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Teens to archbishop: ‘We need more’

Local high school students share their concerns about Church, faith at listening session

MIAMI | Approximately 70 students from the archdiocese's Catholic high schools met with Archbishop Thomas Wenski April 25 to share their thoughts on their experience in the Church.

A student from Christopher Columbus High School tells Archbishop Thomas Wenski that "Music at church sounds child-like, and doesn't match the beauty and the elegance of the Mass." Next to him is Donald Edwards, associate superintendent of archdiocesan schools.

Photographer: BLANCA MORALES | FC

A student from Christopher Columbus High School tells Archbishop Thomas Wenski that "Music at church sounds child-like, and doesn't match the beauty and the elegance of the Mass." Next to him is Donald Edwards, associate superintendent of archdiocesan schools.

Archbishop Thomas Wenski listens as high school students speak.

Photographer: BLANCA MORALES | FC

Archbishop Thomas Wenski listens as high school students speak.

Archbishop Thomas Wenski joins Catholic high school students for a box lunch in the Pastoral Center atrium following the listening session. Here he sits with students from Archbishop Coleman Carroll High School in Miami.

Photographer: BLANCA MORALES | FC

Archbishop Thomas Wenski joins Catholic high school students for a box lunch in the Pastoral Center atrium following the listening session. Here he sits with students from Archbishop Coleman Carroll High School in Miami.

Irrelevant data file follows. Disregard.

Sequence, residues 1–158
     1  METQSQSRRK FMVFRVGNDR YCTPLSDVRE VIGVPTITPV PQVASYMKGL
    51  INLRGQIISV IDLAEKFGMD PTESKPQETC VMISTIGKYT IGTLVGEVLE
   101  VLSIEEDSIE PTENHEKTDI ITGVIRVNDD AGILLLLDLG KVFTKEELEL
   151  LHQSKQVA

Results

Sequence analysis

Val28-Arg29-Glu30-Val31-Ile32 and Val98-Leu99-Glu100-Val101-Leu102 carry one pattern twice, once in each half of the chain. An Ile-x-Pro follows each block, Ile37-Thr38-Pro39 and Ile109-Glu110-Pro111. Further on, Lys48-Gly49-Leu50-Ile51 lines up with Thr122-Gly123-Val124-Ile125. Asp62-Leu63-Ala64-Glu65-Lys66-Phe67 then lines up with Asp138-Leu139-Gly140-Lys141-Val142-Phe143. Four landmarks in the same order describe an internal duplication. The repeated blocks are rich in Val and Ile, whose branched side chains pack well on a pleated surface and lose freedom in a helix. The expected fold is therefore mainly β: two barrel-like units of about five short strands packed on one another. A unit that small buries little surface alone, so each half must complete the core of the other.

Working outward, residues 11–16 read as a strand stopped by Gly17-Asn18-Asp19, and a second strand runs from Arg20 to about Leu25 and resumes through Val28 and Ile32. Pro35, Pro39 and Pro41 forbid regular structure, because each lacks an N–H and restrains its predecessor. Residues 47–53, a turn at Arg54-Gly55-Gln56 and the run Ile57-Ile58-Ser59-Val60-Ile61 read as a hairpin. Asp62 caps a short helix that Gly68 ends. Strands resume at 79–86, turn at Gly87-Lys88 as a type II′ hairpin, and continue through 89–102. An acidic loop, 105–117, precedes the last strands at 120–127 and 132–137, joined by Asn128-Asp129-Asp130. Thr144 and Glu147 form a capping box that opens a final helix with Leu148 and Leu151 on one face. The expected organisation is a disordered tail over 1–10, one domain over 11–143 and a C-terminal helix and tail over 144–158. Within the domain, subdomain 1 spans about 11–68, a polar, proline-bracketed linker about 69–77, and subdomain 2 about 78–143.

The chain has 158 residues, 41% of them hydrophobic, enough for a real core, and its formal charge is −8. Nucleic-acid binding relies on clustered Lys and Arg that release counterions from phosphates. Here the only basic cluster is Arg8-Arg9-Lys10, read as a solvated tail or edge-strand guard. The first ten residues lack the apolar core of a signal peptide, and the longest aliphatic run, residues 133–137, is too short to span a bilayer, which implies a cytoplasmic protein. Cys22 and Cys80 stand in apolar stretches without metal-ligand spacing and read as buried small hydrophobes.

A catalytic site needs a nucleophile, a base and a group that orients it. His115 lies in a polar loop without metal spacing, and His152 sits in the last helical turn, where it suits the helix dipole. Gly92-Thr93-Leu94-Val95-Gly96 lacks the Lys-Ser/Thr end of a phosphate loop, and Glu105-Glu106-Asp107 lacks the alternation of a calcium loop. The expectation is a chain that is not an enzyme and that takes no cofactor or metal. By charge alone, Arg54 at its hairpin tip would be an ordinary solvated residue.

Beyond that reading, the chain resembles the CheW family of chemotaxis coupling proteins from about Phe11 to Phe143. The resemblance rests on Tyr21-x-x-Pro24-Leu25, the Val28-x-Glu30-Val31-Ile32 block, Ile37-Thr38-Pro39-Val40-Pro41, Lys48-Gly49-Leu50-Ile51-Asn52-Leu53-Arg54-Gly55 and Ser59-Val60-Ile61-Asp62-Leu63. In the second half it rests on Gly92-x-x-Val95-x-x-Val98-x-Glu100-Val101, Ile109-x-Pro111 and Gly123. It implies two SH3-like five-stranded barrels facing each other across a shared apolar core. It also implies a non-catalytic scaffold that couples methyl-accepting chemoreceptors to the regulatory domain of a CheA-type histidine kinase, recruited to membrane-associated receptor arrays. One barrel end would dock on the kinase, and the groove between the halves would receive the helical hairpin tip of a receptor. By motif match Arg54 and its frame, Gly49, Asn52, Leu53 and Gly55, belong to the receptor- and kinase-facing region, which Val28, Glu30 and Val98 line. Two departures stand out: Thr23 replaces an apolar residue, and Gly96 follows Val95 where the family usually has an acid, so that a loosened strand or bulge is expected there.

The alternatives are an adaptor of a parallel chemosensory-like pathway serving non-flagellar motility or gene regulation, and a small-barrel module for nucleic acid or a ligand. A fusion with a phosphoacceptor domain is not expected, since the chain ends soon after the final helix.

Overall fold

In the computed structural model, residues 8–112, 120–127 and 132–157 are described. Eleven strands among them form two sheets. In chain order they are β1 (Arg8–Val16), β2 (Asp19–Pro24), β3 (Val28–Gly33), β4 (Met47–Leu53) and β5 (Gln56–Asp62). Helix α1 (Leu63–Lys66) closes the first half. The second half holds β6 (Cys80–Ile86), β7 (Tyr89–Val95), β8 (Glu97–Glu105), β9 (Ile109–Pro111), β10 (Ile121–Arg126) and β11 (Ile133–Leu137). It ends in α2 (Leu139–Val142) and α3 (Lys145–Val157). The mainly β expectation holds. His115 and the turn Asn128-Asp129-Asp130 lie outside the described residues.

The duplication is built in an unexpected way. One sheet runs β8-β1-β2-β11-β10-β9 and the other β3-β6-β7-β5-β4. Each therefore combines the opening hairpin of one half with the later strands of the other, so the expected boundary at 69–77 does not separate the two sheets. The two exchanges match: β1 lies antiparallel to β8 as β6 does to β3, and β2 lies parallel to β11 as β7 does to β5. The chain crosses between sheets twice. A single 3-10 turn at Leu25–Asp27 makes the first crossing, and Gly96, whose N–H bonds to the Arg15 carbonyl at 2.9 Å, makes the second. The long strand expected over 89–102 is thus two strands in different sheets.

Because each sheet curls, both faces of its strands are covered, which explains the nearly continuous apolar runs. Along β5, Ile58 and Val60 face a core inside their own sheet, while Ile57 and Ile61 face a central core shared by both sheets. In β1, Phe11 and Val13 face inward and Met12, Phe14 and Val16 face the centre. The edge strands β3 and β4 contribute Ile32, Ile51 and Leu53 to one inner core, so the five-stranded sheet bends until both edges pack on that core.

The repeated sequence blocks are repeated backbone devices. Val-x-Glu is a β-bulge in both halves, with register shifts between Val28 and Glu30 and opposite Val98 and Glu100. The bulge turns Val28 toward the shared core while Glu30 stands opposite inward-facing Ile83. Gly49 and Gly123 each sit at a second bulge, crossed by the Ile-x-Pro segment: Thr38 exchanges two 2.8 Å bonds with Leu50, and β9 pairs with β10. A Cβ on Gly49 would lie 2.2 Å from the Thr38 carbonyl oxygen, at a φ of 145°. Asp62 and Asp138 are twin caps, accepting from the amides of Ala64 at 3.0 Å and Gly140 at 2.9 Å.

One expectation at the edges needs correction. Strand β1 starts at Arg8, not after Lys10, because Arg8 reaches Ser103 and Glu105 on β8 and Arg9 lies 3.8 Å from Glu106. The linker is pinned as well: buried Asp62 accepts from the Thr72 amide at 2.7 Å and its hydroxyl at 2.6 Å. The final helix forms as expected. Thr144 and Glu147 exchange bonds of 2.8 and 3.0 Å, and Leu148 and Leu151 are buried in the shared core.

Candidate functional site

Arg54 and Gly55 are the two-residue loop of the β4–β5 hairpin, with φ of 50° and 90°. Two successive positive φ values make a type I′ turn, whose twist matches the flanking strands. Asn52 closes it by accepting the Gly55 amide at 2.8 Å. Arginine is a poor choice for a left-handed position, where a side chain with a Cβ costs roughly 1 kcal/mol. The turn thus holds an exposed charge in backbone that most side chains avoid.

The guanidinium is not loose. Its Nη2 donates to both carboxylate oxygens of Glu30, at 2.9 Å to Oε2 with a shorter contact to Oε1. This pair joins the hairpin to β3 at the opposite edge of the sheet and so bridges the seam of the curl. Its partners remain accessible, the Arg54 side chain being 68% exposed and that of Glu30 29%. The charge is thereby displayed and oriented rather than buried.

The listening session echoed the one that took place with Pope Francis in Rome in preparation for the October bishops’ synod on youth. The event was organized by the Office of Youth and Young Adult Ministry in cooperation with Donald Edwards, associate superintendent of archdiocesan schools. During the 90-minute session, the high school students were asked to answer three questions:

  • What is your (archdiocese, parish, school) doing well in bringing youth to live as an active Catholic Christian?
  • What could the (archdiocese, parish, school) be doing better to assist young people to be engaged, active Catholics?
  • What aren't we doing that we should be doing?

Two students from each grade were chosen by their campus ministers to voice their thoughts. While the students spoke one by one for two minutes each, their teachers and campus ministers took note, and the archbishop listened attentively.

Though many students praised their schools' efforts to create fun faith activities, they did not shy away from expressing what they need. Among their concerns were feeling unwelcome in parish ministries — such as becoming lectors — because of their age, thus being limited in how they can serve.